Net current asset value or NCAV gives us a way to find stocks that have significant margin of safety to its intrinsic value. Normally intrinsic value calculations are quite sensitive to assumptions made, and assumptions tend to vary a lot. NCAV is a much more conservative way of looking at the balance sheet. It removes the long term assets from the calculation of the book value.
Net Current Asset Value Formula
NCAV = Current Assets – Total Liabilities
The value of the current assets on the balance sheet tends to be very close to the market value of these assets. The total liability value is also very close to what the company actually owes to its creditors.
How do Value Investors Use NCAV?
Net Current Asset Value was Ben Graham‘s favorite metric to find investable value stocks. A P/NCAV screen gives us a more conservative balance sheet valuation metric compared to the standard Price/Book Value metric. Insisting on a P/NCAV < 1 will filter for stocks that have significant and liquid tangible assets on the books. When you consider what the calculation actually means, you will understand why.
When the net current asset value exceeds the market value of a company (P/NCAV < 1), it can be argued that an enterprising investor is able to purchase the entire company, convert all current assets to cash, and pay off all liabilities with the proceeds. The cash left over is enough to payback the investment amount. Our investor gets the long term assets for free and he is free to either liquidate these assets, or employ them in productive uses and enjoy the future returns.
The stocks that exhibit a NCAV greater than the market value of the stock are also called net-net stocks.
It is important to keep in mind that even as we consider only the current assets in the calculation, some of the current assets may not actually result in full recovery of its market value.
For example, inventory may be worth less than what is on the books. Some of the account receivable may be unrecoverable.
To hedge against these issues, many value investors will require a margin of safety to the NCAV. For example, it is not uncommon to see investors insisting on a margin of safety of 30% (P/NCAV < 0.7).
Alternatively, an investor may choose to discount the current assets that are likely to be unable to be 100% recoverable. Some investors may choose to discount the inventory by 25% and the AR by 50%. This makes the calculation very strict and complex, but it provides greater protection against risk of capital loss in the investment.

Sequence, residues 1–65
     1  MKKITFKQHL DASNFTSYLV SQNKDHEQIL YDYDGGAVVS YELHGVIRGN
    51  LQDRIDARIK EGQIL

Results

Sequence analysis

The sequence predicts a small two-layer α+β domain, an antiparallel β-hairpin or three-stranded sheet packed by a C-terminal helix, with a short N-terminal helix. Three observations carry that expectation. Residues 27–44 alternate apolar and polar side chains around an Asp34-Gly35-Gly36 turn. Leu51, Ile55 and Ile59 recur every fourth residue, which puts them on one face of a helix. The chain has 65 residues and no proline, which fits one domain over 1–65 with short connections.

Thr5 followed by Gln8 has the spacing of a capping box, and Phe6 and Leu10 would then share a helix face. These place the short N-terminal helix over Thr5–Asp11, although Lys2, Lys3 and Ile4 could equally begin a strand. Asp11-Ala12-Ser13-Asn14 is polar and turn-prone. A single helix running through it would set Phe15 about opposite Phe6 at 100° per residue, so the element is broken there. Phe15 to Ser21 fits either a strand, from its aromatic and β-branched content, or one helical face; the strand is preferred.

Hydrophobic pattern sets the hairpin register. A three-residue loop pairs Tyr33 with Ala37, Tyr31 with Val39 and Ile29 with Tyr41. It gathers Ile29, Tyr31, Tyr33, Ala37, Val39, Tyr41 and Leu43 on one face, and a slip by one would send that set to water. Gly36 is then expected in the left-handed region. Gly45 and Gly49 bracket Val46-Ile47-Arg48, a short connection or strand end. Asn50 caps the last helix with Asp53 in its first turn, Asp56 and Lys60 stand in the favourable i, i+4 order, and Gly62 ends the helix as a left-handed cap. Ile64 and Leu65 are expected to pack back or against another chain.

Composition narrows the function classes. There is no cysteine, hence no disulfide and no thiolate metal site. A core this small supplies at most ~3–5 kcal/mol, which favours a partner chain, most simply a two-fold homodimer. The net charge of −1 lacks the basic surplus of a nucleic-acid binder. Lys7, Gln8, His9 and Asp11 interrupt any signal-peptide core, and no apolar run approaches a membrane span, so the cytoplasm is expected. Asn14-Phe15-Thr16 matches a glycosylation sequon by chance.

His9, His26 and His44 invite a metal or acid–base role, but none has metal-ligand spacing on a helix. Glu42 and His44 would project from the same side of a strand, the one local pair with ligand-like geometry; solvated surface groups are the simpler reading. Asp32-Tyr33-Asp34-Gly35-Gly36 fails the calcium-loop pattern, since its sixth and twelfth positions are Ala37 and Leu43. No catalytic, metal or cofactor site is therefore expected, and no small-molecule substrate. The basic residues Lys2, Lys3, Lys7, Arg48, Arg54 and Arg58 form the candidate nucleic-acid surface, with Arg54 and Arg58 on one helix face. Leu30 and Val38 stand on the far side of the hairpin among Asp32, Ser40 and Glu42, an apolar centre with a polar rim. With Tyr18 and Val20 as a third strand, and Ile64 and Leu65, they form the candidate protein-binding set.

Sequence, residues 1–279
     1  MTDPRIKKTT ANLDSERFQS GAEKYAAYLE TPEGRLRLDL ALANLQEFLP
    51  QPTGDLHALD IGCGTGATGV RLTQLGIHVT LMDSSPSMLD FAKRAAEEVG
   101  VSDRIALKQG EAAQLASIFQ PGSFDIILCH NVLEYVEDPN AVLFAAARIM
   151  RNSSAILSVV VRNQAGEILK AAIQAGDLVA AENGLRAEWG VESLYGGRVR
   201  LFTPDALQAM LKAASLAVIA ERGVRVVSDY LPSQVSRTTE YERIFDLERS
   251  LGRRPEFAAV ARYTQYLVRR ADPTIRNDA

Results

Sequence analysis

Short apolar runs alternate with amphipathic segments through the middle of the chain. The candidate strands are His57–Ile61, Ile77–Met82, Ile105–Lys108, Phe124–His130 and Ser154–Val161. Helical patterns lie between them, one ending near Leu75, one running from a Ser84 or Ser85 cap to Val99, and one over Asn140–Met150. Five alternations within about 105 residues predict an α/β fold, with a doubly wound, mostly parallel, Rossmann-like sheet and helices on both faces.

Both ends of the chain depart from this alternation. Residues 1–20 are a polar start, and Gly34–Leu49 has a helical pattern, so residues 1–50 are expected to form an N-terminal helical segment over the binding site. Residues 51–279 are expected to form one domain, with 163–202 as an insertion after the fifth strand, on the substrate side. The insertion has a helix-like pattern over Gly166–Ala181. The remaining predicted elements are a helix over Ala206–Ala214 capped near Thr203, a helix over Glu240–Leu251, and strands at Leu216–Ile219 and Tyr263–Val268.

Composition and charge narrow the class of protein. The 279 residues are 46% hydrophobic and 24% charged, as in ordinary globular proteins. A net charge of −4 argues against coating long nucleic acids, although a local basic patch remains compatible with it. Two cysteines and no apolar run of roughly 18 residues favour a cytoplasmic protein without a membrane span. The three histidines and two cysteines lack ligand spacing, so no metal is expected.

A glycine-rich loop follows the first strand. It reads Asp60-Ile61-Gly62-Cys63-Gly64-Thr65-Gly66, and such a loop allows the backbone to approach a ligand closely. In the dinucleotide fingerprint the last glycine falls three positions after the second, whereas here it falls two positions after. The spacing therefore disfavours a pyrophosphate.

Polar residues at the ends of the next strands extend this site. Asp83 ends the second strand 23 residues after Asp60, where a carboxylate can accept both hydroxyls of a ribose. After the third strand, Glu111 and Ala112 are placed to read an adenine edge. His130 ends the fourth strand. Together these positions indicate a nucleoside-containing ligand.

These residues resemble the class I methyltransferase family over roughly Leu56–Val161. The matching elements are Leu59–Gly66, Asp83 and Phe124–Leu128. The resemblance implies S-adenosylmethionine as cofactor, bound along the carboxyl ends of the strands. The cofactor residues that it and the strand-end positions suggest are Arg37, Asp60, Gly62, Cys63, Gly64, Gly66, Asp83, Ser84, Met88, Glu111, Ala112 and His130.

Historically Net-Net Stocks Do Better than the Market
One would imagine that deeper values with greater margin of safety should provide better returns long term. The historical experience bears this out in the US, Japanese and English stock markets
NCAV Screeners: How to Screen for Net Current Asset Value?
There are a few screeners on the internet that will help you find net-net stocks. I am generally not a big fan of these screeners, although they can certainly get you started. NCAV screeners tend to be premium products, and generally speaking the number of net-net stocks available in the market at any given time tend to be few.
I personally run a Price/Book Value screen and if there are net-net stocks, they will show up in this screen. Once you have the results, go through each stock by hand to figure out its NCAV and compare it to the market value. This method has the added advantage of providing you additional context that you will miss when you use a direct screener (for example, if there are many net-net stocks in a particular sector, you should consider the reasons why. Perhaps the entire sector is in decline and may never recover).
Also keep in mind that the net-net situation in any stock can disappear in two ways:
- The company market value recovers to exceed the NCAV. This will happen if the company goes on to create positive shareholder value. This is the best case as it will likely increase the stock price and show you the profits
- The company NCAV declines and falls under the market value. This will happen if the company is unprofitable and continues to destroy shareholder value. Buying a net-net stock in this case is no guarantee that you will have a profitable investment
You still need to do enough due diligence to assure yourself of the merits of the investment.
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